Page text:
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Blind in their own cause

Blind in their own cause
Highlights

Ostensibly in the name of farmers, a ‘Kisan Rally’ in New Delhi has always been a show of political strength, with thousands brought from nearby – all expenses paid with ‘Dilli Darshan’ as bonus. Held against the government of the day, some were promoted by the government itself as part of its factional fight.

The government has called the opposition’s role ‘obstructionist’— a role that has only interchanged with yesterday’s obstructionists being in power today

Ostensibly in the name of farmers, a ‘Kisan Rally’ in New Delhi has always been a show of political strength, with thousands brought from nearby – all expenses paid with ‘Dilli Darshan’ as bonus. Held against the government of the day, some were promoted by the government itself as part of its factional fight. The Congress organised them, so did the Communists in their heydays. The Chaudhrys – late Charan Singh and Devi Lal – were among the more successful proponents.

The ‘Kisan Rally’ being planned for April 20 by the Congress will also not be among the ‘kisans’, but in the heart of Delhi, causing traffic jams. It is a “people are with us” show and heralds the likely return from sabbatical of Vice-President Rahul Gandhi.The rally is but part of an all-in opposition gambit to confront the Narendra Modi Government on the Land Acquisition legislation. The government has called the opposition’s role ‘obstructionist’— a role that has only interchanged with yesterday’s obstructionists being in power today – and has threatened to promulgate afresh last year’s ordinance, which seems most likely.

Admittedly, it is unfair to single out the Congress for taking the rally route. If it meant to promote its ‘come-back kid,’ for the Left parties, too, the legislation is a big no-no. Additionally, the ‘Janata Parivar’ of former Lohiaites is also using it as an adhesive to unite for the crucial Bihar and other Assembly polls. Together, lawmakers from 14 parties had marched to Rashtrapati Bhavan last month to appeal to the President against the Ordinance. The President has himself disapproved of the government using the ordinance to tackle an issue it cannot in parliament.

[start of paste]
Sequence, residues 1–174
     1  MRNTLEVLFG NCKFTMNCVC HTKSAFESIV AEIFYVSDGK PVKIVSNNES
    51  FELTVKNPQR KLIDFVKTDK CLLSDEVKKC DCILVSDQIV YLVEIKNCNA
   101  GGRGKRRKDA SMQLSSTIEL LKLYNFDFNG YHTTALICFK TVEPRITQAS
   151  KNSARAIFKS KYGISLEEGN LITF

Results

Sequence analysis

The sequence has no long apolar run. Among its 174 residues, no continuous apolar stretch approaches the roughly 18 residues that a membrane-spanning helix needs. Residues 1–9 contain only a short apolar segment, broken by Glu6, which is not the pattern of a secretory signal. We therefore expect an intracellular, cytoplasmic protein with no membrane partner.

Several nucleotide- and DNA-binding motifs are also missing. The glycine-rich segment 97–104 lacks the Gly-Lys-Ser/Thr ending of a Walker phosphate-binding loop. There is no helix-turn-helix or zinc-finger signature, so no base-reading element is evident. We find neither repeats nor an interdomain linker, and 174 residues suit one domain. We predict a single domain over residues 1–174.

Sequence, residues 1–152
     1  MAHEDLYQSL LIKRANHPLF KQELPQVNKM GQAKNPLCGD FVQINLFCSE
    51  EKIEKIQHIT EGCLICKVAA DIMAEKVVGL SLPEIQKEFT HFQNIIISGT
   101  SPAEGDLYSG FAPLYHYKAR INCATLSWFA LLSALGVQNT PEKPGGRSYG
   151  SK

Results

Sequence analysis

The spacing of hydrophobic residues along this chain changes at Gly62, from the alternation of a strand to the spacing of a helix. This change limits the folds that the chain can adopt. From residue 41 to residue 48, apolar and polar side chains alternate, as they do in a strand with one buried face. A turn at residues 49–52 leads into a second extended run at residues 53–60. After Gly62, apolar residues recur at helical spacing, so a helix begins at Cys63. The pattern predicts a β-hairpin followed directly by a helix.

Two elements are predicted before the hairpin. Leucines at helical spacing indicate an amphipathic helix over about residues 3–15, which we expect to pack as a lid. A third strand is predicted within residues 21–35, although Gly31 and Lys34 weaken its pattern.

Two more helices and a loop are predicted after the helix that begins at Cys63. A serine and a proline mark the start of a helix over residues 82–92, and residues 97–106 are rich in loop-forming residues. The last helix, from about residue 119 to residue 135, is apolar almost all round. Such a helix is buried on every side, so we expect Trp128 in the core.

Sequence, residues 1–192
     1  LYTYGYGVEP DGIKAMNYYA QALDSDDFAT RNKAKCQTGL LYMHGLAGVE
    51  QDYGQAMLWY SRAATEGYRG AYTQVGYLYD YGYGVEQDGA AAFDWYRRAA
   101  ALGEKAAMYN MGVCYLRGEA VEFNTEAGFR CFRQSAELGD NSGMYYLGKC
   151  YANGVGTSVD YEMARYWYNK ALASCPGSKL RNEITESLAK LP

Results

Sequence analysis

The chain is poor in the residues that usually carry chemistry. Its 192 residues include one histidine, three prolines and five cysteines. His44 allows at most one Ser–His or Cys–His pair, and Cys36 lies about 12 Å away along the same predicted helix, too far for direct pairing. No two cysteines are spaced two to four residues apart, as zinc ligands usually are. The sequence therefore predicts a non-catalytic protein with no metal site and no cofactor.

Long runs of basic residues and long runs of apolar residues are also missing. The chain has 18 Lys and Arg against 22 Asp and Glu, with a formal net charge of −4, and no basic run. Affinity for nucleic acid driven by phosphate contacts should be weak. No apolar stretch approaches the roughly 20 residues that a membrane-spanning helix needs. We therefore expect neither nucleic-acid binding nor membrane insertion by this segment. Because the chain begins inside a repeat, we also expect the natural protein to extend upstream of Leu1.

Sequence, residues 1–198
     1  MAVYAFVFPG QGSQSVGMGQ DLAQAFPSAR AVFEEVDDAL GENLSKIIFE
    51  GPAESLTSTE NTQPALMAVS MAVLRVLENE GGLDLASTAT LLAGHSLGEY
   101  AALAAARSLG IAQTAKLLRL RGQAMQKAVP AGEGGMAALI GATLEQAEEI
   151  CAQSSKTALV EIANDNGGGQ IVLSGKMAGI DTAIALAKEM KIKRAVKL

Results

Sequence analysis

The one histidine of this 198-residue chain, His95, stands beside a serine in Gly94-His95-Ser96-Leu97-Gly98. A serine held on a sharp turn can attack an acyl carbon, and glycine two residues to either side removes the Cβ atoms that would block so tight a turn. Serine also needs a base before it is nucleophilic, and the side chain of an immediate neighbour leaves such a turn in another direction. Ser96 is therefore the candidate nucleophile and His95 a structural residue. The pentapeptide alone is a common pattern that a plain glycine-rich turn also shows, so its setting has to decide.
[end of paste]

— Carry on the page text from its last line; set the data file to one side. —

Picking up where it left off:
Caught in this jam of the ordinance-versus-rally is the issue of empowering the government to acquire land for industry, infrastructure and a lot of more that is essential if the economy has to grow. It is pointless to judge whether the UPA legislation was good or the NDA’s is. But true to our political traditions, it is all ‘yours’ and ‘mine’ – ‘ours’ is totally absent. That mutual spirit of a win-win transaction is sorely missing.

There is mutual name-calling on farmers’ suicides which indicates that all is not well with agriculture. Who will then look at a just-published study that reveals that there are land acquisition-related conflicts over a fourth of the country, causing violence, misery and displacement? The squabbling over land acquisition persists even as 57,000 hectares acquired for special economic zones, displacing farmers long ago, remains vacant.

Does it not concern anybody that bad land management has led to violence and tribals deprived of their livelihood turning Naxalites? Since it says that it is not making the bill ‘a prestige issue,’ will the government sit together, enact a legislation that is fair, not just to entrepreneurs, but to the farmers as well?

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